Fig. 5

  • urn:lsid:zoobank.org:act:1641785D-7AFE-49B7-A252-D3343B015296

  • Etymology: The fossil species Protoclipsis ulmeri is dedicated to Georg Ulmer (1877–1963).

  • Holotype: Male, ZFMK-TRI000825, kept in the amber collection of the Museum Zoological Research Museum Alexander Koenig, Bonn, Germany (former Patrick Müller collection, BUB 2593). Body sufficiently well-preserved, superficially in a few small areas with slight abrasions. Antennae, maxillary palps and legs partially present. Forewings well visible, hind wing venation distinctly translucent. Inferior appendages of male genitalia visible ventrolaterally.

  • Type locality: Mid-Cretaceous Burmese amber inclusion; Myanmar – Kachin State.

  • Diagnosis: In inferior appendages (Fig. 5B, C), ventral coxopodites are broad and short, almost square, rhombic. The posterior basodorsal harpagos in the form of a curved finger (or claw), attach deep basally to the inner surfaces of the coxopodites. These inferior appendages similar to those of pseudoneureclipsid genus Antillopsyche.

  • Description: Head with ocelli absent. Antennae filiform, consisting of a stronger scapus, a smaller pedicellus and more than 30 cylindrical flagellomeres. Length of antennae nearly equal to length of forewing at about 4.8 mm. In fore wings apical forks I, II, III, IV, V present; discoidal, median, and thyridial cells closed. In hind wings (Fig. 5 D) forks I, II, III, V present; discoidal cells closed.

  • Fig. 5.

    Protoclipsis ulmeri gen. nov., sp. nov. A – Male holotype (ZFMK-TRI000825). B – Male genitalia, lateroventral. C – Inferior appendages, lateroventral. D – Hind wing with apical forks I, II, III, V; and discoidal cell.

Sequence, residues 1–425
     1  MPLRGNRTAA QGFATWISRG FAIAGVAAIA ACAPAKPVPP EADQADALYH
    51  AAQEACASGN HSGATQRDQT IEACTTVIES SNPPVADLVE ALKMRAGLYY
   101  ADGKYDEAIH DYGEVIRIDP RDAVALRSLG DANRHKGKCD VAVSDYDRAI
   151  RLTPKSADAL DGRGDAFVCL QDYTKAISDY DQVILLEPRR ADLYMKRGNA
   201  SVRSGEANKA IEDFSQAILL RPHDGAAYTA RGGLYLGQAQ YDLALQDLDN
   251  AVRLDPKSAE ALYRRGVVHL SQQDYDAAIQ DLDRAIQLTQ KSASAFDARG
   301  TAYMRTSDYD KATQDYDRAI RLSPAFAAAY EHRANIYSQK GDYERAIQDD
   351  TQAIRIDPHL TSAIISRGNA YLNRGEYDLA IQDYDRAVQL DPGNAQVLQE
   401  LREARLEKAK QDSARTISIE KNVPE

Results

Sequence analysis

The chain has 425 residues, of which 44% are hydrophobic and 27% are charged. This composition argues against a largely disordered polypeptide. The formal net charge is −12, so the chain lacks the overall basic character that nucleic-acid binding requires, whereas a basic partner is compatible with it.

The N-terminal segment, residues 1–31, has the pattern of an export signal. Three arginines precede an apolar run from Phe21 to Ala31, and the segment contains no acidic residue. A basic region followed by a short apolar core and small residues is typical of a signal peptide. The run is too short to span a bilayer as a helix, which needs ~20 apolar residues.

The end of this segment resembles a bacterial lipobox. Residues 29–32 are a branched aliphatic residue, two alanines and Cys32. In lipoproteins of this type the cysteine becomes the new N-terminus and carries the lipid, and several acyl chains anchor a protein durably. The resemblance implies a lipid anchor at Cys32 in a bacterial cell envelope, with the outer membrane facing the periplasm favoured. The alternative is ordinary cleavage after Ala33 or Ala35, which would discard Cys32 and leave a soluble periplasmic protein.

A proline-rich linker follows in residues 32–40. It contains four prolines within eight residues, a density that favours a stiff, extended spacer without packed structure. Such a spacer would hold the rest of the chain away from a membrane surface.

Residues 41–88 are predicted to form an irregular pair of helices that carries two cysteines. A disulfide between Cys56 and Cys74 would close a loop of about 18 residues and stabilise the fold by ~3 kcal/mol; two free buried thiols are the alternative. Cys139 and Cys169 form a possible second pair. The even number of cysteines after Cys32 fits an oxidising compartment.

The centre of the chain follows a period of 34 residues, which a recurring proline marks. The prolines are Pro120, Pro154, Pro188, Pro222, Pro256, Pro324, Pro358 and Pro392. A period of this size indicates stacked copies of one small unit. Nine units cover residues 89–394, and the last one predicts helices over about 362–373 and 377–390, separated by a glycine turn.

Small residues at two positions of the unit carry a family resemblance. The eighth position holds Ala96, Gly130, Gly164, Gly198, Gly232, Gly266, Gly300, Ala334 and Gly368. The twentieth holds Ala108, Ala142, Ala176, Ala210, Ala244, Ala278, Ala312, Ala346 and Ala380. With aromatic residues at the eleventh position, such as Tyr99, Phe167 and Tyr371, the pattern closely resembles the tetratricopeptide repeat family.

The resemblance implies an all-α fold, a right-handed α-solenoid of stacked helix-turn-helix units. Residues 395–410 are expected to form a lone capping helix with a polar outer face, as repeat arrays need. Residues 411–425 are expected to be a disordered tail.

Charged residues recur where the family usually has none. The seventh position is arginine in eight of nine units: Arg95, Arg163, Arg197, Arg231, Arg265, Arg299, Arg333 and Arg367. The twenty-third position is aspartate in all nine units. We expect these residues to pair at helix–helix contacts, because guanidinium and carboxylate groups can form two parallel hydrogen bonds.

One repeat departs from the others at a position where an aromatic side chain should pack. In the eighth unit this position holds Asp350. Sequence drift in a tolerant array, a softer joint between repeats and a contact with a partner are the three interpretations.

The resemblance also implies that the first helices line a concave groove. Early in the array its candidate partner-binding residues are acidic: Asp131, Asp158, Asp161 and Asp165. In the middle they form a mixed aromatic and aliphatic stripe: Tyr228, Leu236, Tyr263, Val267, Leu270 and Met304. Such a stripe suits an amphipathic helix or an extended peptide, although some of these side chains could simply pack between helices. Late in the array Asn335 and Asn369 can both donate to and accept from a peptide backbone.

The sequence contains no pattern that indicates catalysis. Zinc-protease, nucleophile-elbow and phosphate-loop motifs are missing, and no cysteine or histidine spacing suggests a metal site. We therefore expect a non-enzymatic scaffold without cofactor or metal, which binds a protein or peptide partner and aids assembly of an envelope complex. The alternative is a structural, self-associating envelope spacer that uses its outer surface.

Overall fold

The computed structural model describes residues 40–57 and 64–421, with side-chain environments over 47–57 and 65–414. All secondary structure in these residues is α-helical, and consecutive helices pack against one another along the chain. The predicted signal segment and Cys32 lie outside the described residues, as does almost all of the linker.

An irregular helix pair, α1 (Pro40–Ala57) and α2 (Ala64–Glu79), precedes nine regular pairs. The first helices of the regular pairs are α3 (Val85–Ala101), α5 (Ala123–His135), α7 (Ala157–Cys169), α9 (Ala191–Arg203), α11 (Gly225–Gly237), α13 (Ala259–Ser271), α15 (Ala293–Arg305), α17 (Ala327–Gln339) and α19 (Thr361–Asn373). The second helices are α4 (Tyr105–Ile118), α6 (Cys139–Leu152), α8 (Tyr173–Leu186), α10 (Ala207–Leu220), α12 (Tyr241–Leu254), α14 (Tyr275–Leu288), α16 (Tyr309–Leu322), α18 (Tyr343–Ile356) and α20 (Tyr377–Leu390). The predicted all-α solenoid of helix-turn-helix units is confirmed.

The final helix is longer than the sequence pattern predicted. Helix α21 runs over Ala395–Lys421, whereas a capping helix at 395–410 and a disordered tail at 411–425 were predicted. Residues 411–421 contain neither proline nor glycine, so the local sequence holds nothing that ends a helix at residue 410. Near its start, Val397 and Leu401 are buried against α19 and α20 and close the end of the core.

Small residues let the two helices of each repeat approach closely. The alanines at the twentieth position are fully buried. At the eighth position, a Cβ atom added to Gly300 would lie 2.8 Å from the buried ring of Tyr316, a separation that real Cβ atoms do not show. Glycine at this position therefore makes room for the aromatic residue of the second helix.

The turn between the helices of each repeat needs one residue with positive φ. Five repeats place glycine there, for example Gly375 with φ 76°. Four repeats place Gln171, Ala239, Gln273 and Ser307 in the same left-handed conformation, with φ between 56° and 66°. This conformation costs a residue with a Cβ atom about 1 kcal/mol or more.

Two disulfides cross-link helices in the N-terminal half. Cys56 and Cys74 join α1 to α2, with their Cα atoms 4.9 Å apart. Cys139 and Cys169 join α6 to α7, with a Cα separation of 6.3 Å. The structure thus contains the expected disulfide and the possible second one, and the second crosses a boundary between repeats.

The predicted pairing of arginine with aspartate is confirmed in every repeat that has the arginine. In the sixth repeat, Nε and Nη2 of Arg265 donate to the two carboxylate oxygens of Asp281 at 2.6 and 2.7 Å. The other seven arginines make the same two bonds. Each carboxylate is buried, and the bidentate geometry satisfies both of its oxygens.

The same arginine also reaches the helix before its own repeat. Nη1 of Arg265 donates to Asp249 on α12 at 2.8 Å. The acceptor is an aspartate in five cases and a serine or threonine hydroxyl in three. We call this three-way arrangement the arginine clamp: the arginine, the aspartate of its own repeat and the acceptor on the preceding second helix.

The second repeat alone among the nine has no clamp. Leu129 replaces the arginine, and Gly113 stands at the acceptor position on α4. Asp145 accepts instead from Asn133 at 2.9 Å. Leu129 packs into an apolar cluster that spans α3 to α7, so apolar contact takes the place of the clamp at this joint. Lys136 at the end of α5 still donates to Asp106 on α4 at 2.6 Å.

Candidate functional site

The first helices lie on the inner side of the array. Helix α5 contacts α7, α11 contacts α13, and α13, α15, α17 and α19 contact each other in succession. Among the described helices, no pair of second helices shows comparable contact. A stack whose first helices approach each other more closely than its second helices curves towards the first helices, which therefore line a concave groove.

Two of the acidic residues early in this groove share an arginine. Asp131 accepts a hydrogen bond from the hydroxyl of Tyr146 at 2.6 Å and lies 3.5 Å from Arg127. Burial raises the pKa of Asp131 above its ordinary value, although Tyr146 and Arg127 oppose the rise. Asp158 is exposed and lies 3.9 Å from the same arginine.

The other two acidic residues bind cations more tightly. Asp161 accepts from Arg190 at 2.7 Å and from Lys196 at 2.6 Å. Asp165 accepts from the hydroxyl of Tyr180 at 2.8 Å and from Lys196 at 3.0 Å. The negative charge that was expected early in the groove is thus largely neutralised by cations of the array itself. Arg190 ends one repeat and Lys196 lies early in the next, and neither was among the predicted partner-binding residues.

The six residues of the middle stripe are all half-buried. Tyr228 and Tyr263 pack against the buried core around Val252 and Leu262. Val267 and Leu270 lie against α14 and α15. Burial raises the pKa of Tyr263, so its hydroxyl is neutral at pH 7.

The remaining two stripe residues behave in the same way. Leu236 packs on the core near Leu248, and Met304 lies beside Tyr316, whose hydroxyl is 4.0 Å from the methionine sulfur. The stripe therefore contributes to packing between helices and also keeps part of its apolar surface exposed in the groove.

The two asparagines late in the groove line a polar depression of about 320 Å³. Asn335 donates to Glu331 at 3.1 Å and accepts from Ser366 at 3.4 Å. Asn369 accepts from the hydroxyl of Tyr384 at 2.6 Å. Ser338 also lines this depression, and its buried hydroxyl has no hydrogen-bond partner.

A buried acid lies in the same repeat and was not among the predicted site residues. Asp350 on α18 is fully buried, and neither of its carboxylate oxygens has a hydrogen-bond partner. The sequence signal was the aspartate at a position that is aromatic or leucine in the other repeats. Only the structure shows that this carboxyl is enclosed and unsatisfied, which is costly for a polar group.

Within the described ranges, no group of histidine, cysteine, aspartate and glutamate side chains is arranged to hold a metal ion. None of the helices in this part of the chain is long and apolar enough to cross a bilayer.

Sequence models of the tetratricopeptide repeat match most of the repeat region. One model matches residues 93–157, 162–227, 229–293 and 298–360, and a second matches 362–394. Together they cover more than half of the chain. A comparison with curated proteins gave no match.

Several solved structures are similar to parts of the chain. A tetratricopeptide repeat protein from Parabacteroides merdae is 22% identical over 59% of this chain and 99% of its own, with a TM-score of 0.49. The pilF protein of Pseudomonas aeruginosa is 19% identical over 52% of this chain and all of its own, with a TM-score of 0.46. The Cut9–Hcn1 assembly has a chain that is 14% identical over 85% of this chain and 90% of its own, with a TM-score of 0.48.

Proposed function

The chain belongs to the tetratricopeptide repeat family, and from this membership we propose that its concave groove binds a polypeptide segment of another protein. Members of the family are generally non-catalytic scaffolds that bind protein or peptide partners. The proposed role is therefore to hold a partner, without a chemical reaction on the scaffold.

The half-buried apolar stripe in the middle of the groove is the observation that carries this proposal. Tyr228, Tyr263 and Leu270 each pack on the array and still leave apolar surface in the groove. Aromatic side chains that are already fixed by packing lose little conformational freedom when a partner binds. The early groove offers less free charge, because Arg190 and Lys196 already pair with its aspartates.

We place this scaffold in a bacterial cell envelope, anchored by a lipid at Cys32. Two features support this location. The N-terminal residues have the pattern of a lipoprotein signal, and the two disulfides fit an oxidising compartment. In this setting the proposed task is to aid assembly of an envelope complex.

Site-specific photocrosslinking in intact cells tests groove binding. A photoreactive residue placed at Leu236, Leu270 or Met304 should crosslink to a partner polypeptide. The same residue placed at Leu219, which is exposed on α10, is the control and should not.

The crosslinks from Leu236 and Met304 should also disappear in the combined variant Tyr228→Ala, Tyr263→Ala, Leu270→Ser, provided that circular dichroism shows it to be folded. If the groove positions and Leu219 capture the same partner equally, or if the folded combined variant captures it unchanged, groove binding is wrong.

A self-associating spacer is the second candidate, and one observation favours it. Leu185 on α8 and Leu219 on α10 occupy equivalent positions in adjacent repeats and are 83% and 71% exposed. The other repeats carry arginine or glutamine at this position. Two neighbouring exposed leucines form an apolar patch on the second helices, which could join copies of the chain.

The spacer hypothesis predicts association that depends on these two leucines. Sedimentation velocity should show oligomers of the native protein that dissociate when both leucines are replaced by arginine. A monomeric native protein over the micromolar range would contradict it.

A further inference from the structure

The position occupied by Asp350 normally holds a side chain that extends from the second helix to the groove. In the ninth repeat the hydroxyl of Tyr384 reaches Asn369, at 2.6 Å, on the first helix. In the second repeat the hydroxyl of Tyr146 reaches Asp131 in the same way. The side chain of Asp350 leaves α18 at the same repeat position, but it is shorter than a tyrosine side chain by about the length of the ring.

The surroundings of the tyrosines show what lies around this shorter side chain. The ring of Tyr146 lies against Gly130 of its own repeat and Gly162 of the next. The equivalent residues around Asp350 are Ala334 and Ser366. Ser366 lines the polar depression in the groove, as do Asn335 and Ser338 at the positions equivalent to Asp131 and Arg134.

img-z8-1_01.jpg

    Fig. 6.

    Protoclipsis picteti gen. nov., sp. nov. A – Male holotype (ZFMK-TRI000826). B – Head and thorax, dorsal; pronotal setose warts (medial warts weakly fused); pair of rounded mesoscutal and single rounded mesoscutellar setose warts. C – Male genitalia, ventral. D – Inferior appendages, ventral.

    img-z9-1_01.jpg

    Fig. 7.

    Protoclipsis roeseli gen. nov., sp. nov. A – Male holotype (ZFMK-TRI000827). B – Male genitalia, lateral; hind wing with apical fork I. C – Male genitalia, ventral. D – Inferior appendages, ventral.

    img-z10-3_01.jpg

    Protoclipsis picteti sp. nov.
    Fig. 6

  • urn:lsid:zoobank.org:act:4321932E-C422-4A06-919D-CFB-78844FF5C

  • Etymology: The fossil species Protoclipsis picteti is dedicated to FrançOis-Jules Pictet (1809–1872).

  • Holotype: Male, ZFMK-TRI000826, kept in the amber collection of the Museum Zoological Research Museum Alexander Koenig, Bonn, Germany (former Patrick Müller collection, BUB 753). Body in dorsal and ventral view, in dorsal view hind wings covered by the forewings. Right antenna partially present as well the maxillary palps and the legs. Inferior appendages of the male genitalia well visible in ventral view

  • Type locality: Mid-Cretaceous Burmese amber inclusion; Myanmar – Kachin State.

  • Diagnosis: In the inferior appendages (Fig. 6C, D) ventral coxopodites basally broad, tapering toward apical, elongate, terminally inclined toward genital center. Basodorsal harpagos, filiform, straight, bearing a small bulb at apex. The inferior appendages resemble those of the pseudoneureclipsid genus Amberclipsis gen. nov.

  • Description: Head with ocelli absent. Antennae filiform, composed of a stronger scapus, a smaller pedicellus, and the following cylindrical flagellomeres that gradually lengthen distad. Antennae little longer than forewings. Length of forewing: about 2.8 mm. In forewing forks I–V, fork I petiolate, small, fork II long, sessil. Discoidal, median and thyridial cells present. In hind wings fork I, fork II long, forks III and V smaller; discoidal cell closed.

  • Protoclipsis roeseli sp. nov.
    Fig. 7

  • urn:lsid:zoobank.org:act:134CF5BA-5F03-4537-A2F0-2ADD8D4FF0E1

  • Etymology: The fossil species Protoclipsis roeseli is dedicated to August J. Roesel Von Rosenhof (1705–1759).

  • Holotype: Male, ZFMK-TRI000827, preserved in the amber collection of the Zoological Research Museum Alexander Koenig, Bonn, Germany (former Patrick Müller collection, BUB 3595). Body well preserved, in lateral view. Antennae, maxillary palps and legs present. Wing venation of forewings and partially of hind wings visible. Male genitalia with inferior appendages in lateral and ventral view.